The Force Behind China’s Strategy

Tad Szulc is the author of John Paul II: The Biography (Scribners) and Fidel: A Critical Portrait (Avon)

Possibly since the early ‘90s, the Chinese government has sought to acquire intelligence about U.S. policy toward Beijing by illegally contributing money to the campaigns of certain American politicians. Simultaneously, the Chinese were moving to secure control of Hong Kong’s economy before the British colony formally reverts to China on July 1. Although there is no established connection between these two endeavors, their most notable and intriguing common element is that they appear to have been orchestrated by the same man in Beijing, virtually unknown to outsiders but a central figure in formulating China’s worldwide political-economic strategy.

He is Wang Jun, chairman of the two most powerful Chinese government conglomerates. One is China Poly Group, the investment vehicle of the Peoples Liberation Army (PLA), and its subsidiary, Poly Technologies, Inc., which specializes in the manufacture and international sale of weapons ranging from tanks and missiles to AK-47 assault rifles. The other is China International Trust & Investment Corp. (CITIC), Beijing’s principal investment organization whose subsidiary, CITIC Pacific, is Hong Kong’s most important investment and financial company.

Wang Jun was also a guest at a coffee hosted by President Bill Clinton. He was there at the request of “Charlie” Trie, a former restaurateur and now an international businessman who is a central figure in the White House and Democratic Party fund-raising scandals. After Wang Jun was received at the White House, he was identified in various newspaper accounts as the head of a Chinese arms-trading company suspected of smuggling a shipment of AK-47s into the United States. At the time, a spokesman for the Democratic National Committee explained that Wang Jun had been invited as “a favor to ‘Charlie’ Trie,” but the president later said it had been “inappropriate” to bring an arms trader to the White House.

When news of possible Beijing-inspired campaign contributions first broke, the general assumption was that China simply wanted to influence presidential and congressional elections in the hope of winning this or that policy concession. Last spring, however, the FBI began to suspect that the Chinese were really after classified foreign- and trade-policy information, and that the best route to this data was through selected administration officials and members of Congress. Such access could be facilitated by campaign contributions that, in turn, could lead to personal acquaintanceships and conversations with officials privy to policymaking.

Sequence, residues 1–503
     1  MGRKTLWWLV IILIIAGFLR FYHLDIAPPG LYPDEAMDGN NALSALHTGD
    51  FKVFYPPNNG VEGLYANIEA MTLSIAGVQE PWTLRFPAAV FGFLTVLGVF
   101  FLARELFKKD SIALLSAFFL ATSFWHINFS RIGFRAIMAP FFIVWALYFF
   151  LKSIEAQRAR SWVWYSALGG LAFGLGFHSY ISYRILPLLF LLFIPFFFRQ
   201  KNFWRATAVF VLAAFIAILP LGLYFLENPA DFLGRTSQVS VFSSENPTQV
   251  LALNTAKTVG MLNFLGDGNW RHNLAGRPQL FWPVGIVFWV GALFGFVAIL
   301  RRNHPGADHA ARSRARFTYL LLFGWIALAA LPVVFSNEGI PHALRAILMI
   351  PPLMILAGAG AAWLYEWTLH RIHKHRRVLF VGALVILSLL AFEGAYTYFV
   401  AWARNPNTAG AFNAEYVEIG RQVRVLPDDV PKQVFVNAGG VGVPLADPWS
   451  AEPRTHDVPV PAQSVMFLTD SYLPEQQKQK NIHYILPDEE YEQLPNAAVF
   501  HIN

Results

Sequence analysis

Intelligence points to Wang Jun as the man behind this strategy, with China’s Ministry of Public Security, its Foreign Ministry and the specially created “Central Working Group” implementing it. It remains unclear whether the FBI was aware of Wang Jun’s standing in the Beijing hierarchy. Nor is it clear why, given the sensitivity of his posts, he chose to seek an invitation to a White House coffee. It is similarly unknown what else he did during his visit to the United States during February 1996, and who he met in Washington.

One explanation may be that the PLA, working through the China Poly Group and other organizations it controls, has become, in the words of one China expert, “a money-making machine,” running between 15,000 and 20,000 companies in China and abroad and reportedly making a profit of at least $1 billion in 1993. In recent years, Wang Jun’s China Poly Group has been expanding overseas, establishing special interests in Hong Kong, Canada and the former Soviet Union. It is believed to have opened offices in the United States. Wang Jun may have overseen these activities as well.

In Hong Kong, its subsidiary, Continental Mariner Investment, is one of the hottest stocks on the local stock exchange, having doubled in value since last December. It works with CITIC Pacific, the subsidiary of Wang Jun’s main CITIC, and with the Lippo Group, a $12-billion Indonesian conglomerate owned by an ethnic Chinese family closely associated with China. Wang Jun became CITIC chairman when its founder, Rong Yiren, resigned in 1993 to become vice president of China. Rong Yiren’s son, Larry Yung, is chairman of CITIC Pacific.

All these conglomerates have played a key role in acquiring Hong Kong assets--from its main airline, Cathay Pacific, to the city’s major power and communications companies--during the last year or so. Control was obtained either through stock purchases at deep discounts or in cases where the original owners could not refuse for political reasons tied to the transfer of Hong Kong back to China.


Washington and Hong Kong are, of course, entirely different targets and environments. But both constitute major strategic objectives for China as it enters its world-power stage. It is estimated, for example, that mainland interests own about 25% of all Hong Kong assets; China’s direct investment there, according to Beijing, is $25 billion.

In Hong Kong, Wang Jun and his network have clearly accomplished their objectives. The intelligence-gathering operation targeting the United States seems to have floundered. Wang Jun may try again but, for now, his efforts have severely damaged U.S.-China relations.